One of Audrianna's transparencies of  of a bird's skull.
One of Audrianna’s transparencies of of a bird’s skull.

By Julian Lim
Photos by Lorisa Salvatin

Only half of the emerald neon sign is on. A grouping of the center letters, which in whole spell out “Mission Cultural Center,” is nearly invisible in the sunset-darkened Mission District of San Francisco.

The lobby beneath the sign is empty. A soft rhythmic thud pulsates through the ceiling. There is no one around except for a woman selling one-day class tickets behind the Plexiglas window.

“The screen printing class is on the fourth floor,” she says. “Take the elevator up.”

The elevator only goes up to three. As the arm-length industrial lift reaches its final ascent, the small room fills with muted noise heard below, only for it to be revealed as the doors slide open. The air is thick with the slams of foot stomps, trumpet riffs, and a heavy bassline that pounds through your chest.

To get to the other side, where the stairs to the fourth and final floor are located, you must navigate pass the Tuesday night Flamenco and advanced Mexican Folk Dance classes, the open door hovering parents, and through the narrow incandescently lit hallways.

At the top of the steps and to the right of a six-feet-tall screen-printed anatomical skull is the Mission Grafica—the thirty-seven-year-old graphics studio with a long-standing history of making
political posters for the Mission.

Up here—in the attic space of a building, which used to be Shaff’s Furniture Company,—the red wooden floorboards covered with ink splotches are bouncing to the thumping soul of the center.

The Grafica’s print shop holds five black-painted workstations adorned with hinge clamps, which are used to hold down the silkscreen frames with the burned design. Around the shop, three metal drying stations with forty to fifty racks are leafed together like pages in a book; they are filled with layers of flatstock poster prints, and fabrics from past workshops and classes.

In the corner between two of the drying stations, an out of commission screen-printing machine sits with used transparencies piled underneath the ripped yellow silk screen. There is a six-by-six-foot backlit power washing station and a dark room around the corner where the photo emulsion is applied for image burning.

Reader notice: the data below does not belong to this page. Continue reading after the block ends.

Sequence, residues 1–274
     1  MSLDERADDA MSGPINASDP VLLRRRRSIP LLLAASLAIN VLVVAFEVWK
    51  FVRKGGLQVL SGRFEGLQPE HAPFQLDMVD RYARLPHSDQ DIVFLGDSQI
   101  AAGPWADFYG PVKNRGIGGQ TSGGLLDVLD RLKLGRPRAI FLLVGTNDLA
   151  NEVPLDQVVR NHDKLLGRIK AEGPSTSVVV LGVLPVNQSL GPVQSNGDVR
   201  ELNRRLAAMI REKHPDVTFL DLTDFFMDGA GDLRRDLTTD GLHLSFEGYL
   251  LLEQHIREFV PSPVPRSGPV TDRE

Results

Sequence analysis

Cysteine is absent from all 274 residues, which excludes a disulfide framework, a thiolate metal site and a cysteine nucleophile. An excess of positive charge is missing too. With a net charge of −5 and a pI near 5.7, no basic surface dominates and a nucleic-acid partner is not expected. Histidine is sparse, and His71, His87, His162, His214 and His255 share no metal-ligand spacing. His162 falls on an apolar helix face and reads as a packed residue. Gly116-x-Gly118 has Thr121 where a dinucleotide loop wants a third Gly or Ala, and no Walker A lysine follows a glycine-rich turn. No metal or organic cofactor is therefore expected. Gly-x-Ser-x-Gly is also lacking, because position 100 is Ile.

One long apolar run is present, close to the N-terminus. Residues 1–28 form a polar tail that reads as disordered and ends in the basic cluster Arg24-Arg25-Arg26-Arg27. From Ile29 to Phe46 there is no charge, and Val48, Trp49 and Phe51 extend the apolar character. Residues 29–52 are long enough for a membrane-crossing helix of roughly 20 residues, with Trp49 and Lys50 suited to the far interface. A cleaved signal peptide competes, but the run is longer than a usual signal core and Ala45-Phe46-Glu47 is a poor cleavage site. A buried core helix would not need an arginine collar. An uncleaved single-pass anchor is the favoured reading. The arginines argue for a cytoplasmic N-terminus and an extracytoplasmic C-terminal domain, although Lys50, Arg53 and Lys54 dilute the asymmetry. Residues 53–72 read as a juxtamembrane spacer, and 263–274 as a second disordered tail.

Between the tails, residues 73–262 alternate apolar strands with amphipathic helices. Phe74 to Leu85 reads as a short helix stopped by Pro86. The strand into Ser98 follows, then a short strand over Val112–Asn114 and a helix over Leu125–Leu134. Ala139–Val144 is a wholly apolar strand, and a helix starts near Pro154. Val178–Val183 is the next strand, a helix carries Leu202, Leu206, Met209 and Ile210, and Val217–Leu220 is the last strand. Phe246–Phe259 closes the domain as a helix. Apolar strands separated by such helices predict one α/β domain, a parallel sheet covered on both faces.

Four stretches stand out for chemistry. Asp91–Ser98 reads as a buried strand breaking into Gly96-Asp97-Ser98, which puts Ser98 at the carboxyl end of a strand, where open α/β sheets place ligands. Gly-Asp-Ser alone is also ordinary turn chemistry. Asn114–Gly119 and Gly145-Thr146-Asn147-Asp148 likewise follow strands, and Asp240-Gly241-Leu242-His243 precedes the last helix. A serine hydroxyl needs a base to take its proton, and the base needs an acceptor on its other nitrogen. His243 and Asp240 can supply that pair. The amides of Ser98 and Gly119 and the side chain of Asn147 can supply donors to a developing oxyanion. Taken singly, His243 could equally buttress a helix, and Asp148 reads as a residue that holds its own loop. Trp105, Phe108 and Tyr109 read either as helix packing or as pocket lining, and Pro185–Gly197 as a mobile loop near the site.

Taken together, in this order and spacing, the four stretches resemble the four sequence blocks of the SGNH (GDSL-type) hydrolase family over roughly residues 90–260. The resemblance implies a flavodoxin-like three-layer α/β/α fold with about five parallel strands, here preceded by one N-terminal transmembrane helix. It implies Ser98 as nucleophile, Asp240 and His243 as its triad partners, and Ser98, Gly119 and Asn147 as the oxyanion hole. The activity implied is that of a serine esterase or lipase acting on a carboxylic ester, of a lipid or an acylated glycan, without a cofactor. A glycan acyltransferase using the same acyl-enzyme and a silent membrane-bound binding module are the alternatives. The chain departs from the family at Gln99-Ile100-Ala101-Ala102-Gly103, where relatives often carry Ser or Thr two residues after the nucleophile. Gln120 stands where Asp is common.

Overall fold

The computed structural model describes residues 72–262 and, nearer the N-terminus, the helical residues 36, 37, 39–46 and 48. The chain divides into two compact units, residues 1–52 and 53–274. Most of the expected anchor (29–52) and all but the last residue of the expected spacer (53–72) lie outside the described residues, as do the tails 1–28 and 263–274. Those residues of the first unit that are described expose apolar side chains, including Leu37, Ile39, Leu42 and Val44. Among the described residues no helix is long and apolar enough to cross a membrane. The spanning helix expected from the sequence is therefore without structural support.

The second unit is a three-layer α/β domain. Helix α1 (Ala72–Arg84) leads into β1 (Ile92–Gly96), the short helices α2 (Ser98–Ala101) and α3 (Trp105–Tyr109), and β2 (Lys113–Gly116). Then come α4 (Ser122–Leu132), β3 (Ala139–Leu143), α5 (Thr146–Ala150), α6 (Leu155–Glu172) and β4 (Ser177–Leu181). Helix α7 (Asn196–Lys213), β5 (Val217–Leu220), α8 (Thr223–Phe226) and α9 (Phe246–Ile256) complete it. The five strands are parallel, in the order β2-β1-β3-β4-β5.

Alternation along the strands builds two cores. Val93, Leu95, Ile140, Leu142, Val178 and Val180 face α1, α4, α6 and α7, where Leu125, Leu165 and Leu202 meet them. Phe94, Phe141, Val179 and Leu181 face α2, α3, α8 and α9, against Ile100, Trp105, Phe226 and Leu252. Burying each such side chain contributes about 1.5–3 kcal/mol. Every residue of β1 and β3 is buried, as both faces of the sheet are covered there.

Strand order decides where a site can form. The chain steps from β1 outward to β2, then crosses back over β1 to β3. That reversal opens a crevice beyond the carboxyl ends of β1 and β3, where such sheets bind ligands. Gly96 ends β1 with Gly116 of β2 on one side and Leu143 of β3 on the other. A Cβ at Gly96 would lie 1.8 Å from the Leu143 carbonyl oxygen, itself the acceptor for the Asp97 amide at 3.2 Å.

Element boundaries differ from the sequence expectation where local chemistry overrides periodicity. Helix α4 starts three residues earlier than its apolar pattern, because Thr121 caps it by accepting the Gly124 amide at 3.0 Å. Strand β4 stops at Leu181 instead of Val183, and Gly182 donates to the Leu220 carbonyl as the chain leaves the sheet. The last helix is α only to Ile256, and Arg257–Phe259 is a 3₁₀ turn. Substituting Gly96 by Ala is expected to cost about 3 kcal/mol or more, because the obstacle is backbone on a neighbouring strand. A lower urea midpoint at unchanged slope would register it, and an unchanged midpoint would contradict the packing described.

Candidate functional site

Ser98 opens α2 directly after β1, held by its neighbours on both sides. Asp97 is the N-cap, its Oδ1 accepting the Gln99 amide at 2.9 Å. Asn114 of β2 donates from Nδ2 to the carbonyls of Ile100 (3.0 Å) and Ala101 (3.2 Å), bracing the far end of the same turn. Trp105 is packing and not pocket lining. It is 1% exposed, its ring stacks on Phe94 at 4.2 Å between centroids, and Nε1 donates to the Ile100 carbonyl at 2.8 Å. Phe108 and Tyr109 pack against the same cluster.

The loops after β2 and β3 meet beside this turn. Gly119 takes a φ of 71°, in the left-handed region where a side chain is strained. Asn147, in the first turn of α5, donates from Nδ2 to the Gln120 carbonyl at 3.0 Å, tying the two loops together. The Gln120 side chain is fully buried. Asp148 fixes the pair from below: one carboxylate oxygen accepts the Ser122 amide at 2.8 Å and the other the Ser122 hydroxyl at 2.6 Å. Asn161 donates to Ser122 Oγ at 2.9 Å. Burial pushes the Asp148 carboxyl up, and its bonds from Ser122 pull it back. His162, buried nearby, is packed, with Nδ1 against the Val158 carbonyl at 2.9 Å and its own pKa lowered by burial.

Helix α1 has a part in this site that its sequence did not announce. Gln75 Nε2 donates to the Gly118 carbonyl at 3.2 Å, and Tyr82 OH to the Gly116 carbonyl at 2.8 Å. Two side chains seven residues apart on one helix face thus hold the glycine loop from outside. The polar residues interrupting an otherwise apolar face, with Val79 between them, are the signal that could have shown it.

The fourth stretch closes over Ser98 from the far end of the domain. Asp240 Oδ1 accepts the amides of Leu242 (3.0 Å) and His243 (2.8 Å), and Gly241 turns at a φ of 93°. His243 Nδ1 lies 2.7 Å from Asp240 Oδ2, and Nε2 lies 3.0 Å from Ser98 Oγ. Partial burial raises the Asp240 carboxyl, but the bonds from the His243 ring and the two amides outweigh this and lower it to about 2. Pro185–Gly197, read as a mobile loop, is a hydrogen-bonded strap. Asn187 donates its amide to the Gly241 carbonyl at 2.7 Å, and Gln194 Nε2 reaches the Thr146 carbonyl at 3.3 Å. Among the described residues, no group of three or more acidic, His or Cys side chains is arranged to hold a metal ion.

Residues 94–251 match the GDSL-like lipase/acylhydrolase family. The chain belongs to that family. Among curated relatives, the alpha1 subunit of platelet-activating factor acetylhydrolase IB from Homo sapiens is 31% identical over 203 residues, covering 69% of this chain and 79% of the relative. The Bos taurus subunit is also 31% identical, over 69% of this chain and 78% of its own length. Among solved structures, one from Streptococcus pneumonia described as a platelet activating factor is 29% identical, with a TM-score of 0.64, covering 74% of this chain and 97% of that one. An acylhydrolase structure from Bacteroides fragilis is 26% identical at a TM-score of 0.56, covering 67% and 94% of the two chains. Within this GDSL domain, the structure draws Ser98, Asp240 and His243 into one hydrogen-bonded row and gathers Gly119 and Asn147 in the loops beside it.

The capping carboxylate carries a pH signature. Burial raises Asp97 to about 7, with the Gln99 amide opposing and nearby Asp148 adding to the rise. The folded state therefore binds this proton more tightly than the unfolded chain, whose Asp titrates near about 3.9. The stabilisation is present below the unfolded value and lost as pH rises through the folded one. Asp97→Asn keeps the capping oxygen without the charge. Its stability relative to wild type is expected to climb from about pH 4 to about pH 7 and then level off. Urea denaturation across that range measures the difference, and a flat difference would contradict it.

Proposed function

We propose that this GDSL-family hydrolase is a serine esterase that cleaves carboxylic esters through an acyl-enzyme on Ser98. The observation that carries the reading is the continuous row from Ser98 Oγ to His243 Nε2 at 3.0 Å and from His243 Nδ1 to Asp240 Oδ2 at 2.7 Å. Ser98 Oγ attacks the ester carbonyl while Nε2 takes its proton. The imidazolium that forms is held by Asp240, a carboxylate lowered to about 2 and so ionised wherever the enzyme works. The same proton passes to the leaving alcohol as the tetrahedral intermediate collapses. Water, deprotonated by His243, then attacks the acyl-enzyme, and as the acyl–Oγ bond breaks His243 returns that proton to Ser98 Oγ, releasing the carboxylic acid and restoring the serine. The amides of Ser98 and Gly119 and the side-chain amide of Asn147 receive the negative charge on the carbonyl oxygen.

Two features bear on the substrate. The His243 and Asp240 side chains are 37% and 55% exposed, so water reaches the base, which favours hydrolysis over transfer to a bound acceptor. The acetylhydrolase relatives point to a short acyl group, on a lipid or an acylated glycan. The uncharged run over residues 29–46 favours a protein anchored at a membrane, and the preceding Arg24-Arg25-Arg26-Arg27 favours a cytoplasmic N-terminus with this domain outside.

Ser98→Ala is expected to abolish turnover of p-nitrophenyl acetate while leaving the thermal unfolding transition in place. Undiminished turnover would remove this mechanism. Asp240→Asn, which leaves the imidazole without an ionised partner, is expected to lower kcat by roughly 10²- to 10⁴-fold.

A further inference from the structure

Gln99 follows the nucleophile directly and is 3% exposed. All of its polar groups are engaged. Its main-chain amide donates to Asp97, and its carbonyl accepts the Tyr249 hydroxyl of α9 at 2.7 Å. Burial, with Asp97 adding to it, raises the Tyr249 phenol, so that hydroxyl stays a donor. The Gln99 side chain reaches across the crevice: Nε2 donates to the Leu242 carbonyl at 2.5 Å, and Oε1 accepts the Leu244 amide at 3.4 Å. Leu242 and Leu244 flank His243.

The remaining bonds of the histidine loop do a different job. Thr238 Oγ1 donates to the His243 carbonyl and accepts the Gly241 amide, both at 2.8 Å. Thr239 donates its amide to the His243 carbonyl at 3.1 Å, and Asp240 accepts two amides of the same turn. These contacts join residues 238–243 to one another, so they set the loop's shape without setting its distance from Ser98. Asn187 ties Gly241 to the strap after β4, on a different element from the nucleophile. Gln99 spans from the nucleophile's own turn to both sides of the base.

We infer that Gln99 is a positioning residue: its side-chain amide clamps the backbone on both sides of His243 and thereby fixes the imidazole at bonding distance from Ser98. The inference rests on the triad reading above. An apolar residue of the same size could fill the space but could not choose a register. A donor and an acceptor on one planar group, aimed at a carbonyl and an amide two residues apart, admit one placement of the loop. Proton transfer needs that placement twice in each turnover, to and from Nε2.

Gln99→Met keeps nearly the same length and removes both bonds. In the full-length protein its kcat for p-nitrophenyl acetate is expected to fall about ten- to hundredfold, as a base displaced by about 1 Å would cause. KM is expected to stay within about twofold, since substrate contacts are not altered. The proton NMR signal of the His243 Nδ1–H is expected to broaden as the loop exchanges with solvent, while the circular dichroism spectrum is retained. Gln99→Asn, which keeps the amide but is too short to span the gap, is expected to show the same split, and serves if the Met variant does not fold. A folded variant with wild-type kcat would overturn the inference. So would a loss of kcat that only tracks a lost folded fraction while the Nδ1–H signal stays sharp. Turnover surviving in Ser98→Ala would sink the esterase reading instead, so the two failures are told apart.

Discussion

In nearly every facet of the shop, hundreds of ink-stained silkscreens in aluminum and wooden frames are stacked on the floor, shelves, and dolly carts tagged with marked masking tape.

“The ethos of printmaking is supposed to be about access,” says Amy Diaz-Infante, one of Mission Grafica’s screen printing instructors. “That is why I love a shop like the Grafica.”

Diaz-Infante has only been teaching at the Mission Grafica since July, but has been involved with the shop for years. When she received her master’s in fine arts, she learned how to screen print at the Grafica.

“You can come in without knowing anything or you can be a veteran printmaker and it does not matter,” she says. “We are all here printing in the same space and learning from each other.”

Mission Grafica is in the realm of screen printing that is only the starting line of what this art medium has to offer. From here, its world is a scatter shot of different characters, ideas, and aesthetics. The posters created capture the essence in which it is meant to pay tribute to, whether it is a band, a movie, an emotion, or a movement. But regardless of which direction screen printing floods into, it seeps back down to its truest sense of what Diaz-Infante and many others believe: access.

It is Thursday night in the Tenderloin. People are shuffling in and out from one gallery to the other; complementary PBRs and Gnarly Head Merlot in plastic glasses in the left gallery in the back, prints for purchase in the right gallery, with an unrelated hair salon nestled in between.

This is Spoke Art Gallery on Sutter Street, where just a few hours earlier, people lined down the block for the gallery doors to open at six so they can receive their free exclusive Tim Doyle print.

This is the Austin-based screen print artist’s third solo show at Spoke Art in the last three years. Each time, it is the same theme: “Unreal Estate.” Doyle, whose resume includes producing work for the widely popular Alamo Drafthouse Cinema, pays homage to television pop culture by reimagining iconic landscapes seen on the mini screen. Spoke Art Gallery Owner Ken Harman says that with this type of show, the appeal is universal.

When Harman was manning the drinks station in the left gallery, an older black man with a grey beard approached him to top off his wine glass. After their small conversation, he realizes that the exchange just proved his point.